Sometimes the lack of technology opens new ways of doing things, as I’ve experienced lately. Unfortunately, my Wacom tablet of five years decided to give up the ghost, and now I’m researching my next drawing hardware acquisition. At the rate I’ve been going though, I may not need a tablet for awhile, and it’s largely thanks to the polygonal select tool in Photoshop.
The polygonal select tool, coupled with the different shape tools in Photoshop, can be used to create decent concept art. Here is a piece I finished recently, called One Got In, that I built using no tablet work at all.
While I did not use a tablet for this piece, I did use a sketch in ink and toned grey paper for my base. After transferring the sketch photo in Photoshop, I realized that the original didn’t quite adhere to the rule of thirds, so I expanded the width of the document and moved its epicenter, the speared heart, over towards the bottom right of the grid. It’s very important in concept art to make sure that your art maintains the rule of thirds, otherwise you end up with a piece that’s sterile in composition.
For a quick refresher, the rule of thirds is a compositional standard that successful artists use to determine the layout of their art. If you want to know if a piece fits the rule of thirds, divide the art of your choice into even thirds, like below. Ideally, you want the focus of your piece to fall on one of the four intersections, displayed by the orange dots. Do not put the focus of your piece in the center of the thirds, as it will create a bullseye effect.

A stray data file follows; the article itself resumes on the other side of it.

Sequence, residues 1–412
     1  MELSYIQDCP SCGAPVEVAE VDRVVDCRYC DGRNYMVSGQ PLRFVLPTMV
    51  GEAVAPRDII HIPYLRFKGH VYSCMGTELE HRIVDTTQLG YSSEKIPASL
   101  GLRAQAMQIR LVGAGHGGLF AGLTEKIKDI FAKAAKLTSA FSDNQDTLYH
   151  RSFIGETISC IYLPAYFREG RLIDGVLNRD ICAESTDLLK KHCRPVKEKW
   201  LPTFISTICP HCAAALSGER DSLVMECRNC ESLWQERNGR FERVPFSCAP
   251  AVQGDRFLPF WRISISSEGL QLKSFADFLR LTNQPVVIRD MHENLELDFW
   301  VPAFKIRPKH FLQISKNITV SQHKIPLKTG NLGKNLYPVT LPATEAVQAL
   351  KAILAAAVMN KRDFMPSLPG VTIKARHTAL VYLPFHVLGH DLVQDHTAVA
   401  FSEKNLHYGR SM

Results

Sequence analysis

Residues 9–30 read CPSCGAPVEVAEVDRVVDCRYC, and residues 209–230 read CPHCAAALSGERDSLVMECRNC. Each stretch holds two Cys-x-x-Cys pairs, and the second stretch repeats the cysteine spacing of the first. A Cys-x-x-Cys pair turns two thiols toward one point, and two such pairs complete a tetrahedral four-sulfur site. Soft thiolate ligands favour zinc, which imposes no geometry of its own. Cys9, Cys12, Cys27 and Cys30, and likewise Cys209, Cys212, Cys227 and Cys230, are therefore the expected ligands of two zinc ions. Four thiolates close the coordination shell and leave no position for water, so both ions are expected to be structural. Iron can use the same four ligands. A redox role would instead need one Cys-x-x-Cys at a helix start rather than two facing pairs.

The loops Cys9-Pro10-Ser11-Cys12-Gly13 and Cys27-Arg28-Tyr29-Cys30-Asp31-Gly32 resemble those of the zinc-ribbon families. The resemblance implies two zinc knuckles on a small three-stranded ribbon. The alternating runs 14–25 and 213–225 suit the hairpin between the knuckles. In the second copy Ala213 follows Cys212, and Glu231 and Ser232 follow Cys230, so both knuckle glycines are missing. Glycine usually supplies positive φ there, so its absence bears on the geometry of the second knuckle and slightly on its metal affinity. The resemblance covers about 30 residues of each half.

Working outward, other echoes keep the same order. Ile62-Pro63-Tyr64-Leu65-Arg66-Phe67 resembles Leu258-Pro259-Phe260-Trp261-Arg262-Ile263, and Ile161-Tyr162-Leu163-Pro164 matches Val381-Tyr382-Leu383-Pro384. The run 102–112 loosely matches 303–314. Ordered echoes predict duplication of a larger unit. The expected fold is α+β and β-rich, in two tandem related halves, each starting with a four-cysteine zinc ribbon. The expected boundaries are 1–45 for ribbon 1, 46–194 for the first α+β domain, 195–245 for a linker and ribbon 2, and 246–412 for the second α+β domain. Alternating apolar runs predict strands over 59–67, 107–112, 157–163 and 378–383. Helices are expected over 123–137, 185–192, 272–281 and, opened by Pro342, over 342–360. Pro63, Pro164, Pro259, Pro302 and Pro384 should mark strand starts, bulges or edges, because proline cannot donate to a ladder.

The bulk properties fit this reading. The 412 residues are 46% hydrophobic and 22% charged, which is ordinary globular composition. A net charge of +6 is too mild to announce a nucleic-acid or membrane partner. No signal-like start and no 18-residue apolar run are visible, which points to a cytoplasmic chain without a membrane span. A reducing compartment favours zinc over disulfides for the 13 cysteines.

Moving on from there, I blocked out the basic shapes from the sketch using Photoshop’s shape tools and of course, the glorious polygonal selection tool. The polygonal selection tool, if you provide enough points, allows you to make irregular shapes that you can’t make with the generic shape tools. For instance, I built the heart and spear using the polygonal selection tool and the paint bucket tool.
In addition to making delicate shapes, the polygonal selection tool is great for getting clean, straight lines for perspective. I used this tool to make sure the sides of the pillars were in correct perspective, and that the shape of the cast light was correct. I was unsatisfied with the mood that the lighting created at this point, so I changed the location of the main light source to create a haunting atmosphere.
There are a few catches you need to be aware of when working with the polygonal selection tool. Unless you’ve set the feathering option of the polygonal selection tool to an amount greater than 0px, you will have some very harsh lines, sometimes jagged. Make sure you have feather set to 1px, or use the Gaussian blur filter at low settings to keep your edges from looking rough. Also, be sure you are working on an empty layer when you are making shapes with the polygonal selection tool, or else you might override previous artwork. Here’s the finished piece again.
Despite these minor inconveniences, I remain impressed by the power of such a simple tool. I’ve decided to use it to develop future pieces, like the new concept I’m working on, The Silence That Follows. If you have any questions regarding my techniques or want to learn more (or send me a useful tip!), please send me a message or comment below. I am more than happy to help other artists along their journey. Thanks again for reading!
Post commandeered by the US Claire Force